nuclear weapon uses a fissile material to cause a nuclear chain reaction. The most commonly used materials have been uranium 235 (U-235) and plutonium 239 (Pu-239). Both uranium 233 (U-233) and reactor-grade plutonium have also been used.[15][16][17] The amount of uranium or plutonium needed depends on the sophistication of the design, with a simple design requiring approximately 15 kg of uranium or 6 kg of plutonium and a sophisticated design requiring as little as 9 kg of uranium or 2 kg of plutonium.[18] Plutonium is almost nonexistent in nature, and natural uranium is about 99.3% uranium 238 (U-238) and 0.7% U-235. Therefore, to make a weapon, either uranium must be enriched, or plutonium must be produced. Uranium enrichment is also frequently necessary for nuclear power. For this reason, uranium enrichment is a dual-use technology, a technology which “can be used both for civilian and for military purposes”.[19] Key strategies to prevent proliferation of nuclear arms include limiting the number of operating uranium enrichment plants and controlling the export of nuclear technology and fissile material.[17][19]

Iranian development of nuclear technology began in the 1970s, when the U.S. Atoms for Peace program began providing assistance to Iran, which was then led by the Shah.[20] Iran signed the Treaty on the Non-Proliferation of Nuclear Weapons (NPT) in 1968 as a non-nuclear weapons state and ratified the NPT in 1970.[20]

In 1979 the Iranian Revolution took place, and Iran’s nuclear program, which had developed some baseline capacity, fell to disarray as “much of Iran’s nuclear talent fled the country in the wake of the Revolution.”[20] Ayatollah Ruhollah Khomeini was initially opposed to nuclear technology; and Iran engaged in a costly war with Iraq from 1980 to 1988.[20]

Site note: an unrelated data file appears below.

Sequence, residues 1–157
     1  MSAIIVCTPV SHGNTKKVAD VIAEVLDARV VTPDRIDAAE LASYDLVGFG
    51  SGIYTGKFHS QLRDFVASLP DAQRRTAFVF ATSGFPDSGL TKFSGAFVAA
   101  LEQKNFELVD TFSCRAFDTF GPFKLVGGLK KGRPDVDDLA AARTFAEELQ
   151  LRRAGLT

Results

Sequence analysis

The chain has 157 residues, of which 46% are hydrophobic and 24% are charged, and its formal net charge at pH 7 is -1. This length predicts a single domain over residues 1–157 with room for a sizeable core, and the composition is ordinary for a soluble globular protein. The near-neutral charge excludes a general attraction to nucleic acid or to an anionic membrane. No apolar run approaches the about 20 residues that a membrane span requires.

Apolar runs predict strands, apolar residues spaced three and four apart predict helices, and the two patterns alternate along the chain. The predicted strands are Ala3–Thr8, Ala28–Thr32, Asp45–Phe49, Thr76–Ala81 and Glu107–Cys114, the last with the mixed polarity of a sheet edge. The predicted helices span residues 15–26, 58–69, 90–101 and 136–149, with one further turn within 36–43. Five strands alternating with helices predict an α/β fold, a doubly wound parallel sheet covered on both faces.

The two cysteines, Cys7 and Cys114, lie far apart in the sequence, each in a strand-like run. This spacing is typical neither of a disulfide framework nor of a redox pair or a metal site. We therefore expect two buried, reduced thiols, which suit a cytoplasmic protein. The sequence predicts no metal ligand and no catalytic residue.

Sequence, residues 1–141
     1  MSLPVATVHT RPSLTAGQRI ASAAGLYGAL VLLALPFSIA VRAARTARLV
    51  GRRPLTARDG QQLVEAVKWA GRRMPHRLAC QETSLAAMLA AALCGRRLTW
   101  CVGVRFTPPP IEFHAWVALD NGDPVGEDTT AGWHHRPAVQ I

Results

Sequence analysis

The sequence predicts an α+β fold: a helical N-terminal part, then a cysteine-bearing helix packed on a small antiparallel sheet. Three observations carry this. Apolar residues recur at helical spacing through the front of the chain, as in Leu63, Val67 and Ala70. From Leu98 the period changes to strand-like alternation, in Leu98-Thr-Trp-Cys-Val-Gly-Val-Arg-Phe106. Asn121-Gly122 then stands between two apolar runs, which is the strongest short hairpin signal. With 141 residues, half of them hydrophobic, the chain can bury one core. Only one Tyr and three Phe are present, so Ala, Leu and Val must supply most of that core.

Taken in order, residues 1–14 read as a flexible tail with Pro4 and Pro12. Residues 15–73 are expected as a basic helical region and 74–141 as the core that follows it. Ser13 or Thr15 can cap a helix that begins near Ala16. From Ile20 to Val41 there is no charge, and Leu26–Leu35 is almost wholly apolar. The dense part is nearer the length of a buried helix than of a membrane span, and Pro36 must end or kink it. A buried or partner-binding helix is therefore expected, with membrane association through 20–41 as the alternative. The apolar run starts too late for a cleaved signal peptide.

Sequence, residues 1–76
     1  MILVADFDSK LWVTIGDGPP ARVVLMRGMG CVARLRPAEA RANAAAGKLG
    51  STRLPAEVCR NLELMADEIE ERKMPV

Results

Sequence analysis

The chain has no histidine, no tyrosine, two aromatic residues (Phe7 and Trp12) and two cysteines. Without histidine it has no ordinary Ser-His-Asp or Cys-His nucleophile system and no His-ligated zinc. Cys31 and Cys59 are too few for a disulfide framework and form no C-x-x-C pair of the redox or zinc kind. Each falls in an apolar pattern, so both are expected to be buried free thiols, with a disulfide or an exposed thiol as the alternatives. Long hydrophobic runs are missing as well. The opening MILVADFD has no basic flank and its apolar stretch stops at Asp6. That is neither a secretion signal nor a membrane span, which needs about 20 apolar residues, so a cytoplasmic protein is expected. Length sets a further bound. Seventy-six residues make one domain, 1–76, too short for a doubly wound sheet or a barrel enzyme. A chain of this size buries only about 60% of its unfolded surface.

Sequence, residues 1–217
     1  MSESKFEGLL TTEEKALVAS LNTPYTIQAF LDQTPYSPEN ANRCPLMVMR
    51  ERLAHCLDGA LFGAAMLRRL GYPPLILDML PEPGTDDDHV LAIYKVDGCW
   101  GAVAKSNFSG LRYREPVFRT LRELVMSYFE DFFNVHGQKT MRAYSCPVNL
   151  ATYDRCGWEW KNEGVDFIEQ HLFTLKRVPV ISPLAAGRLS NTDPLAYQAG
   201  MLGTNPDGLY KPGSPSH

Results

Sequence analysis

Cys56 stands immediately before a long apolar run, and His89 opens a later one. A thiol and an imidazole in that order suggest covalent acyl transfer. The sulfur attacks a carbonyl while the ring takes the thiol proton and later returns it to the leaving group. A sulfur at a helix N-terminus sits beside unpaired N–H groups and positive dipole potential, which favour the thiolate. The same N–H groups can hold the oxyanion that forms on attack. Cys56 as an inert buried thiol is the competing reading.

Starting in the later 1980s, Iran restarted its nuclear program, with assistance from Pakistan (which entered into a bilateral agreement with Iran in 1992), China (which did the same in 1990), and Russia (which did the same in 1992 and 1995), and from the A.Q. Khannetwork.[20] Iran “began pursuing an indigenous nuclear fuel cycle capability by developing a uranium mining infrastructure and experimenting with uranium conversion and enrichment”.[20] According to the nonpartisan Nuclear Threat Initiative, “U.S. intelligence agencieshave long suspected Iran of using its civilian nuclear program as a cover for clandestine weapons development.”[20] Iran, in contrast, “has always insisted that its nuclear work is peaceful”.[21]

In August 2002, the Paris-based National Council of Resistance of Iran, an Iranian dissident group, publicly revealed the existence of two undeclared nuclear facilities, the Arak heavy-water production facility and the Natanz enrichment facility.[20][22] In February 2003, Iranian President Mohammad Khatami acknowledged the existence of the facilities and asserted that Iran had undertaken “small-scale enrichment experiments” to produce low-enriched uranium for nuclear power plants.[20] In late February, International Atomic Energy Agency (IAEA) inspectors visited Natanz.[22] In May 2003, Iran allowed IAEA inspectors to visit the Kalaye Electric Company, but refused to allow them to take samples, and an IAEA report the following month concluded that Iran had failed to meet its obligations under the previous agreement.[22]